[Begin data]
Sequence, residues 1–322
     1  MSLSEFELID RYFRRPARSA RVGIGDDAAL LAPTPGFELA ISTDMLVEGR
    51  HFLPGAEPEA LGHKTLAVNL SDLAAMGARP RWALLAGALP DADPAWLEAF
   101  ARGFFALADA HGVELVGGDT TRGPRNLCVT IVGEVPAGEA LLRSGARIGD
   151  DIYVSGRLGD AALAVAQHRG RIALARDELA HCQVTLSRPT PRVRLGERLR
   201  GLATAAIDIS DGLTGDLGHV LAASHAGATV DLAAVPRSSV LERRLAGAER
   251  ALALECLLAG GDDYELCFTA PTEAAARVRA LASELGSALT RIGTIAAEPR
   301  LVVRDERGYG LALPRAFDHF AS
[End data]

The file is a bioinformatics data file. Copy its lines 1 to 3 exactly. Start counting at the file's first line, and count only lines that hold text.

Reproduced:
Sequence, residues 1–322
     1  MSLSEFELID RYFRRPARSA RVGIGDDAAL LAPTPGFELA ISTDMLVEGR
    51  HFLPGAEPEA LGHKTLAVNL SDLAAMGARP RWALLAGALP DADPAWLEAF